By Veracia Ankrah
Posted on January 14, 2022
Afrobeats are a musical genre that originated in West Africa. The term itself is inherently flawed as there are tons of varying sounds and sonic nuances depending on where the music is made, diversified by not only country but through region and dialects in language.
“Afrobeats” broadly classifies the complex rhythms and heavy percussion-based music captivated in Ghana’s highlife music in the 1920s and catapulted by world-renowned Nigerian Afrobeat (politically charged, non-commercial music) artist and cultural shapeshifter Fela Kuti. Now, unified within one category coined in 2010, the term ties in several elements in sub genres including Afroswing, Afropop and even Afrohouse. African sounds are found worldwide as the diaspora spreads through anywhere Black people are found. This global spread explains why far before mainstream media in North America and Europe recognized its significance, Afrobeats gained familiarity across the globe.
The songs on Drake’s 2016 studio album Views — dedicated to the city of Toronto and the diverse cultures found in the city—drew inspiration and elements from reggae, dancehall, and Afrobeats. Wizkid, an Afrobeats artist from Nigeria was featured on “One Dance,” a song credited for bringing Wizkid’s music to American audiences. Africans and fans of the already popular genre in many parts of the world believed the narrative about the Americanized version was incredibly inaccurate. Afterwards, Wizkid was featured again on Beyonce’s 2020 album and musical, The Gift (a tribute to African culture as a modern take on the newest Lion King movie soundtrack) on the Grammy-award winning record “Brown Skin Girl” where others unfamiliar with the amassed sound took a liking. Later that year, in October of 2020, Wizkid released his fourth studio album, Made In Lagos–currently the longest-charting Nigerian album this century – solidifying his artistry as a songwriter and pioneer to what is considered Afrobeats music today, at least to the untrained ear. If you haven’t heard the breakout single “Essence” featuring the up-and-coming fellow Nigerian singer and songwriter Tems, you might have not turned on your radio or attended any pandemic “party” in the last few months.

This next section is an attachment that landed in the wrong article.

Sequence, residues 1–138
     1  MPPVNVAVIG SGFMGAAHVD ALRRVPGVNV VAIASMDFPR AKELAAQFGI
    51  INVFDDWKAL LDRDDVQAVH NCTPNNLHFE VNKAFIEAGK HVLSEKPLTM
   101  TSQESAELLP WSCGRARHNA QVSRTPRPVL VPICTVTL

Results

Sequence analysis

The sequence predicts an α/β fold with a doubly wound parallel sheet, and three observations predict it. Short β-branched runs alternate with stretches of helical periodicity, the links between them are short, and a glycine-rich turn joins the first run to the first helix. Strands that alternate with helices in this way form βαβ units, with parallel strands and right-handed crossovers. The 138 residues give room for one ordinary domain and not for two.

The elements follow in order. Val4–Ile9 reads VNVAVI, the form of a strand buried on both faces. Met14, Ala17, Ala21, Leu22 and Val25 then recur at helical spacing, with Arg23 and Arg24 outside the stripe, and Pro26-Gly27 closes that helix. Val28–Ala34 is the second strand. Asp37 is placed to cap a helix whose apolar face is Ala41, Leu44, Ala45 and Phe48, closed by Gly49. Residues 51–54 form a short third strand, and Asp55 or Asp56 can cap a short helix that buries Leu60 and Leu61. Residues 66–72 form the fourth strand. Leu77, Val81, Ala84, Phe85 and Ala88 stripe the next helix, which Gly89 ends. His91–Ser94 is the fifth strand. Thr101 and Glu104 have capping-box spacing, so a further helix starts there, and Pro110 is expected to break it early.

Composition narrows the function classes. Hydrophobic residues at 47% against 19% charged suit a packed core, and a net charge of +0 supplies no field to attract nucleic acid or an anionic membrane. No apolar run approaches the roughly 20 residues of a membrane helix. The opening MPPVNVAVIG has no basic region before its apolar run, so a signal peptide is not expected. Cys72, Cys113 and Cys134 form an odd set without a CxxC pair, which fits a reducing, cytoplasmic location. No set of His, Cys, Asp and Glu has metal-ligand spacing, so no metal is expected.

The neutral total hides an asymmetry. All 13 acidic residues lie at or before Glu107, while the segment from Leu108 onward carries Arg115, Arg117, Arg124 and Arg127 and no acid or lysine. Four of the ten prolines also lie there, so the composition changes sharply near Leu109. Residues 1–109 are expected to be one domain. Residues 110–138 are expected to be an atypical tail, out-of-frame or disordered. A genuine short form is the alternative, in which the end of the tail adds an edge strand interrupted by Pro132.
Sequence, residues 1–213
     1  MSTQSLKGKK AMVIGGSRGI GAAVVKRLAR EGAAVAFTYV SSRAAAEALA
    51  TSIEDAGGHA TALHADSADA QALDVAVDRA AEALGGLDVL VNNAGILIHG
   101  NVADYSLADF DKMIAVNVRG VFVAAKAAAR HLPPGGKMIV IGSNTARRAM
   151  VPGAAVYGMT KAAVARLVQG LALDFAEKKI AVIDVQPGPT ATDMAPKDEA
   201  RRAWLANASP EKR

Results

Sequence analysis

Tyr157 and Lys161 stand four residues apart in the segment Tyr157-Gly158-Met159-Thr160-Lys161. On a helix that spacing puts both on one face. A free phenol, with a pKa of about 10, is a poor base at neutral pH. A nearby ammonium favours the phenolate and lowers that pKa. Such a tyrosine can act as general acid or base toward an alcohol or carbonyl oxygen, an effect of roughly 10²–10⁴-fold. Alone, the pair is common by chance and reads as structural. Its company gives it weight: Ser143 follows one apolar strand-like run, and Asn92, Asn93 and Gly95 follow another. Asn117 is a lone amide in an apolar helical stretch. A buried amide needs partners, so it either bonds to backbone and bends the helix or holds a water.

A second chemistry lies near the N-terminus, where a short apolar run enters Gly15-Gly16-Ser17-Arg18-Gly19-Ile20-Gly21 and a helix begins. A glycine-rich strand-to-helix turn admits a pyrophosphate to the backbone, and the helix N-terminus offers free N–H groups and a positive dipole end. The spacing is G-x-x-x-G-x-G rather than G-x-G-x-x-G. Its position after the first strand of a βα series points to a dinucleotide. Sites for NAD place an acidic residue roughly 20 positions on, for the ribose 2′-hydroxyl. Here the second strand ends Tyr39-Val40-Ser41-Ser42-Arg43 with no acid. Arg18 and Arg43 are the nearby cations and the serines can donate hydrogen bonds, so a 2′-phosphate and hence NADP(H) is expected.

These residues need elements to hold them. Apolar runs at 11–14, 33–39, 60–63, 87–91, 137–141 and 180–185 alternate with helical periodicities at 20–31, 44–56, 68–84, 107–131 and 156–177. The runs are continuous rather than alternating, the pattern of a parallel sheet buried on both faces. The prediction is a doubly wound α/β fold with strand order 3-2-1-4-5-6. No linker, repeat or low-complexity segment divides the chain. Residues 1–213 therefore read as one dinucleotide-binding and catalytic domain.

The feel-good single describing the desire to be engulfed in the invariable nature of a lover’s presence, “Essence” became an official release in April 2021 and has since broken multiple records in the United Kingdom and made history in the U.S. In July, “Essence” debuted in the Billboard Hot 100 (currently sitting at No.44), entered the Billboard Global 200 (becoming the first song with lyrics in Yoruba) and topped Billboard’s World Digital Song Sales. Wizkid’s label RCA executive VP A&R Tunji Balogun shared his hope that the social media defined “song of the summer” keeps the momentum and creates a lasting influence on Western culture. “This is the first time where it feels like a song is competing on the level of a similarly promoted song from Western artists in the pop genre,” Balogun shared with Billboard Magazine. The buzz surrounding “Essence” has drawn an influx of new listeners to Wizkid’s catalogue, giving current African artists hope that they too, can become commercially successful. Success defined by the perceived entertainment capital of the world is a ticket into worldwide stardom. It seems like the only thing keeping African artists at an undesirable plateau is the white gaze.
On August 13 2021, Wizkid released an “Essence” remix with Tems and Justin Bieber and shortly after announced a deluxe version of the album. Bieber shared his appreciation to Wizkid for allowing him to grace the “song of the summer,” a nod that seemed genuine but also like an insertion of a cultural appropriator joining an already successful song for no reason other than gaining visibility. The remix announcement was met with mixed feelings by fans of the already perfected song. Some felt a remix would have benefited from artists with a familiar, similar sound while others championed the remix as a smart business move to bring the already popular ditty to even greater heights.
It’s safe to say Afrobeats are on a steady horizon and artists from other genres will likely pull inspiration and attempt to recreate the sound to garner their own success. As Fela Kuti preaches, music is a spiritual practice with the power to move and heal masses. For this reason sounds of the motherland and the diaspora are not to be kept a secret but created carefully, with a dedication to remaining authentic to the days of its inception–its essence, if you will. And, in the sensual, sultry croons by Tems, Afrobeats “don’t need no otha body” especially not the likes of Justin Bieber or any other white artist to be deemed successful and gain global notoriety.